“I wish we could spend some of our money,” said Ben uneasily. “If there was only a baker’s, or an eating-house here, I’d be willing to pay five dollars for a good square meal.”
“So would I. Somehow, gold don’t look as good to me as it used to. We may starve to death with money in our pockets.”
Ben’s eyes were fixed upon a slender brook not far away that threaded its silvery way down a gentle incline from the midst of underbrush.
“I wonder if we can’t catch some trout,” he said. “Don’t they have trout in these mountains?”
“To be sure they do; and the best in the world,” said Bradley briskly.” The California mountain trout can’t be beat.”
“But we have no fishing-tackle,” suggested Ben.
“Never mind, we have our guns.”
“How will that help us?”
“We can shoot them, to be sure.”
Ben looked surprised.
“Didn’t you ever shoot pickerel? We can shoot trout in the same way. Come, Ben, follow me, and we’ll see if we can’t have a good supper, after all.”
Leaving their mustangs to gather a supper from the scanty herbage in their neighborhood, the two friends made their way to the brook. It had seemed very near, but proved to be fully a quarter of a mile away. When they reached it they brought their guns into requisition, and soon obtained an appetizing mess of trout, which only needed the service of fire to make a meal fit for an epicure.
“I can hardly wait to have them cooked,” sard Ben. “I’m as hungry as a hunter. I understand what that means now.”
“I sha’n’t have any trouble in keeping up with you, Ben,” said his companion. “We’ll have a supper fit for a king.”
They gathered some dry sticks, and soon a fire was blazing, which, in the cool night air, sent out a welcome heat.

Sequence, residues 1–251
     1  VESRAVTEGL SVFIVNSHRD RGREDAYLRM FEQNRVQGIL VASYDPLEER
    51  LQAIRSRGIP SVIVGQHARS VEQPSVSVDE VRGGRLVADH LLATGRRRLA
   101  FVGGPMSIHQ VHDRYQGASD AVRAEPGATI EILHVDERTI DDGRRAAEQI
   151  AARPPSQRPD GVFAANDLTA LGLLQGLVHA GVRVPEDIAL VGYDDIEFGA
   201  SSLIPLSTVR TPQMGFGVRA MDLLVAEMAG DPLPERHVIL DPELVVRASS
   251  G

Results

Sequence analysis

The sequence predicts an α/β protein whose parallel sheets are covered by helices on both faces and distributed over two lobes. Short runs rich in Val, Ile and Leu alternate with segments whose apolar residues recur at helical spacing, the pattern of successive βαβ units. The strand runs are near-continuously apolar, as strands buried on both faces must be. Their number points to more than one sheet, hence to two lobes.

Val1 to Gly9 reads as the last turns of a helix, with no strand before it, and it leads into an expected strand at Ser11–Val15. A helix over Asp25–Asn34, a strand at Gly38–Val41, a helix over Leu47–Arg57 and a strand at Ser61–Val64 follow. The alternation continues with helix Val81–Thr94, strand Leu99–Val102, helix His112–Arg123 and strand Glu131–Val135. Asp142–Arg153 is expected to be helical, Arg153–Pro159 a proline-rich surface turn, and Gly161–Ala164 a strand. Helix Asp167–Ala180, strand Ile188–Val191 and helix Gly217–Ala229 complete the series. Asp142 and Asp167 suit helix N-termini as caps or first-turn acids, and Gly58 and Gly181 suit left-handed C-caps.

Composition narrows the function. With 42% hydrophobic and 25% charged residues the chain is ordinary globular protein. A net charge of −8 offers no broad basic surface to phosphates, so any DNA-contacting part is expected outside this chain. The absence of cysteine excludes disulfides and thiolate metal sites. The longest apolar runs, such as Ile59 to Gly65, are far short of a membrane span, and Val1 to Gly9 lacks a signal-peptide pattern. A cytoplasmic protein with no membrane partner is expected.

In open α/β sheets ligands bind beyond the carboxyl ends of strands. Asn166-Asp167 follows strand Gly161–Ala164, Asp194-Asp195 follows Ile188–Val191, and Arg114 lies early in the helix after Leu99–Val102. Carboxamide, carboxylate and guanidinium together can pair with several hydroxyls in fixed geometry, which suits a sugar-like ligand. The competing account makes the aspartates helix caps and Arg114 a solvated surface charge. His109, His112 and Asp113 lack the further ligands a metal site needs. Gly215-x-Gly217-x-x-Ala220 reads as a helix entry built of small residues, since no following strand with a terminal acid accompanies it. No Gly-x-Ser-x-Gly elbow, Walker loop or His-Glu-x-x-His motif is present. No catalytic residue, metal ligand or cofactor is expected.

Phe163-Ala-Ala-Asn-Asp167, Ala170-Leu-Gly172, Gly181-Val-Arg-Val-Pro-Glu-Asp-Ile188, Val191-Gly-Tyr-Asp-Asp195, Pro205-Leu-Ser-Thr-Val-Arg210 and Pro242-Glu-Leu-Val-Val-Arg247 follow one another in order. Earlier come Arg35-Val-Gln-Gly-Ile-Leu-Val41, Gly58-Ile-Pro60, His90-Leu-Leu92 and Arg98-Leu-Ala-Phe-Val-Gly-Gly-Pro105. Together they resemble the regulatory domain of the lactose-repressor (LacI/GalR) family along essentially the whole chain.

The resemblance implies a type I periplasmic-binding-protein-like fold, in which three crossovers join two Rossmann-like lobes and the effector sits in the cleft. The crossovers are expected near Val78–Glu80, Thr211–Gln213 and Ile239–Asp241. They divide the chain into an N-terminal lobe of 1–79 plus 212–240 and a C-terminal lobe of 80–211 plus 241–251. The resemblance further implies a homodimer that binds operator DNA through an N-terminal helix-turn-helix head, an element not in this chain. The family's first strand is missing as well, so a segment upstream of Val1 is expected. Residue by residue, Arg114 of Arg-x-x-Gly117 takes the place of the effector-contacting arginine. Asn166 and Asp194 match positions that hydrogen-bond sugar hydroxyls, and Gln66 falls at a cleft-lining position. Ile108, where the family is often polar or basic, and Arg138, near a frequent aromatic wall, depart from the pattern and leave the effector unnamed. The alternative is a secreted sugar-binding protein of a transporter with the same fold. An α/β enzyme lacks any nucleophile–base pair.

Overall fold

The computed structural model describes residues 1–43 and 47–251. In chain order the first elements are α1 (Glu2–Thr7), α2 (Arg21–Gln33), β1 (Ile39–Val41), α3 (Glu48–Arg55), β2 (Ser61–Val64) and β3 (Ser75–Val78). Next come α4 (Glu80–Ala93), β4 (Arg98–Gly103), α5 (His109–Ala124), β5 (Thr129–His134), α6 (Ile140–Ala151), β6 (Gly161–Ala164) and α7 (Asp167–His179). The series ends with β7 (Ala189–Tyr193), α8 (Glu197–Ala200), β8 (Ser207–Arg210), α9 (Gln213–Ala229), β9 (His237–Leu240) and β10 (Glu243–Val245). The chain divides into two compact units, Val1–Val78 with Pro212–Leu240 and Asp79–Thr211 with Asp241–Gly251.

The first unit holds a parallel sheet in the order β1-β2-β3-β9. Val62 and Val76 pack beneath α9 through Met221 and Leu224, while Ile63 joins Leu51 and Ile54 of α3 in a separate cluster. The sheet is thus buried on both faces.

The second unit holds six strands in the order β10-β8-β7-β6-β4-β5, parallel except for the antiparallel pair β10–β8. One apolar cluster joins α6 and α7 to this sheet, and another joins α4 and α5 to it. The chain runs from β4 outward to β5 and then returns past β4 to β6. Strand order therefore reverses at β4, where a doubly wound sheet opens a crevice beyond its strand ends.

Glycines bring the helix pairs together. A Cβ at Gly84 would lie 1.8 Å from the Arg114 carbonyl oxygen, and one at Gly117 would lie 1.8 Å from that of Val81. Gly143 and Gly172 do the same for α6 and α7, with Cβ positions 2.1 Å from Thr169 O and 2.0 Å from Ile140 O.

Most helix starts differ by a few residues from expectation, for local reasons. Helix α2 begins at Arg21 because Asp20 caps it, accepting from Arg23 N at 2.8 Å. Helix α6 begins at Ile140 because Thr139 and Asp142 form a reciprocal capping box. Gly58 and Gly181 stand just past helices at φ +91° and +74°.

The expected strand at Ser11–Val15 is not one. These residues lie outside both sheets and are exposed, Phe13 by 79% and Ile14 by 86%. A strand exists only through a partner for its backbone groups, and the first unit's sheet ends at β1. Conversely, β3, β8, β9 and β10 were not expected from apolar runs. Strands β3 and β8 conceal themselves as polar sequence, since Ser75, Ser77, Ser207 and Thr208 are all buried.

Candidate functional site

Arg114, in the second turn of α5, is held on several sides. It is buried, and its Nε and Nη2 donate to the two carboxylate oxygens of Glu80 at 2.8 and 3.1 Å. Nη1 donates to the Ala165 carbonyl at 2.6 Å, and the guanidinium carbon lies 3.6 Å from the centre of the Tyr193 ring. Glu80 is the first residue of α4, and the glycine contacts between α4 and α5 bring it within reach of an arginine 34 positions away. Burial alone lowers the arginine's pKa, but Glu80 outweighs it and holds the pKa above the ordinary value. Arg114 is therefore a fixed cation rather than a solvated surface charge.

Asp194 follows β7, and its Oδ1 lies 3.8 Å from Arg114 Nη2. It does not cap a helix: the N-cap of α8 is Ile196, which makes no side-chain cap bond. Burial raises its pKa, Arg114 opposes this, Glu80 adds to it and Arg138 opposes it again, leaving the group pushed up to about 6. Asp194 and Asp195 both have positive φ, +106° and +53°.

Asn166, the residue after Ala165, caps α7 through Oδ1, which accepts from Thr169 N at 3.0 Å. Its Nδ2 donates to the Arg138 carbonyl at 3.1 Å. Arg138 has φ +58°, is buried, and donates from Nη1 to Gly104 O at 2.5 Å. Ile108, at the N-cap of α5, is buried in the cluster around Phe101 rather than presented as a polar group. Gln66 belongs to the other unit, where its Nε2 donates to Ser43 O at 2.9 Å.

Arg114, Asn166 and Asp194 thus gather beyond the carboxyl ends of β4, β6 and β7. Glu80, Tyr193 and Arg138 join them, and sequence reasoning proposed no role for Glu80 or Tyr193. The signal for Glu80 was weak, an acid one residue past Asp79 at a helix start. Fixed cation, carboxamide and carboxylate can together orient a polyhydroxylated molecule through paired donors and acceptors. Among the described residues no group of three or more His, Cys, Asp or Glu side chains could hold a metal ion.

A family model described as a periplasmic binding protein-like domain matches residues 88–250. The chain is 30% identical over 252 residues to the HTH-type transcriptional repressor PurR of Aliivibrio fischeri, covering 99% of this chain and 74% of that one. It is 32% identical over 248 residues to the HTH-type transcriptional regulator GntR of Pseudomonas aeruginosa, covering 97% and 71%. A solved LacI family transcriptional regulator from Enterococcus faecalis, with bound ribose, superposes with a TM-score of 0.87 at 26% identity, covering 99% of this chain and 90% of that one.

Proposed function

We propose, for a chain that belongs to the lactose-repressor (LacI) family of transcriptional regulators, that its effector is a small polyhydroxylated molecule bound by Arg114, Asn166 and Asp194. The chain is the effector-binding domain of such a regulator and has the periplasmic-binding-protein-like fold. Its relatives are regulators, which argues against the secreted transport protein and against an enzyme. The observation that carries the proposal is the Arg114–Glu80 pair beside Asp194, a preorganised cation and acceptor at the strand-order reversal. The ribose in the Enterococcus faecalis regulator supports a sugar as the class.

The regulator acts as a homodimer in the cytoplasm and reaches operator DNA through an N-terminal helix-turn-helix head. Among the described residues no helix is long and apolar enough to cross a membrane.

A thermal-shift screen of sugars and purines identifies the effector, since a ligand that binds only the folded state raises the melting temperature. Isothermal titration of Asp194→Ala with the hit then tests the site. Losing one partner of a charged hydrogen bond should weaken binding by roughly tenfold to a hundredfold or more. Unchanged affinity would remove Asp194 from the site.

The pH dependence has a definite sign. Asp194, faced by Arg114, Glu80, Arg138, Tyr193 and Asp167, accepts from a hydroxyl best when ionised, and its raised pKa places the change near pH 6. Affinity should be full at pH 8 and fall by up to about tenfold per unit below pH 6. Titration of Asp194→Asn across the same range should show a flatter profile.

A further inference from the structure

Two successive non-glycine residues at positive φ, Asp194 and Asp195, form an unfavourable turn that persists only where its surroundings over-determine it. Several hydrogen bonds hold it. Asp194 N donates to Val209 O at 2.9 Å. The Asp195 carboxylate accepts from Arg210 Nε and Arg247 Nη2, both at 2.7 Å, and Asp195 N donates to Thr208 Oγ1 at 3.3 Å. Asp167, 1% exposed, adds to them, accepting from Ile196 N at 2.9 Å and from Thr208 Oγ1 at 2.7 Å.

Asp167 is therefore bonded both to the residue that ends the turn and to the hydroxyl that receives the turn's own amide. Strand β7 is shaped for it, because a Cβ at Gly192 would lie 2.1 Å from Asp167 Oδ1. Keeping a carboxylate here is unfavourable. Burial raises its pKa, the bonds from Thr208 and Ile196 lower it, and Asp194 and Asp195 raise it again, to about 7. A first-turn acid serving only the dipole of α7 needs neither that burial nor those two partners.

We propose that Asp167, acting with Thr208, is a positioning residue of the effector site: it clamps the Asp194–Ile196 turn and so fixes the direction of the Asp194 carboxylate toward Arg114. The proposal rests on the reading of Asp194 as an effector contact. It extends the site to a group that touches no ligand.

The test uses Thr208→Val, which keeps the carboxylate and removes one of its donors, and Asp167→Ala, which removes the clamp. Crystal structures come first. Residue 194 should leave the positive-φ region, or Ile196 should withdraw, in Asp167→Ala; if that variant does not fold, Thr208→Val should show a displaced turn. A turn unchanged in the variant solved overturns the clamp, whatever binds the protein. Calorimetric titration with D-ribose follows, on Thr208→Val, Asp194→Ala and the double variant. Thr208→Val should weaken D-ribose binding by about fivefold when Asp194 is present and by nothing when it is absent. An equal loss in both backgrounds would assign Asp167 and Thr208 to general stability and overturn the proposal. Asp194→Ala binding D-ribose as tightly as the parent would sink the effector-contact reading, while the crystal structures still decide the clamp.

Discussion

After supper they lay down on their backs and looked up into the darkening sky. Ben felt that it was a strange situation. They were in the heart of the Sierras, miles, perhaps many miles, away from any human being, thousands of miles away from the quiet village where Ben had first seen the light. Yet he did not feel disturbed or alarmed. His wanderings had inspired self-reliance, and he did not allow himself to be troubled with anxious cares about the future. If by a wish he could have been conveyed back to his uncle’s house in the far East, he would have declined to avail himself of the privilege. He had started out to make a living for himself, and he was satisfied that if he persevered he would succeed in the end.
“What are you thinking about, Ben?” asked Bradley, after a long pause.
“I was thinking how strange it seems to be out here among the mountains,” answered Ben, still gazing on the scenery around him.
“I don’t see anything strange about it,” said his less imaginative comrade. “Seein’ we came here on our horses, it would be strange to be anywhere else.”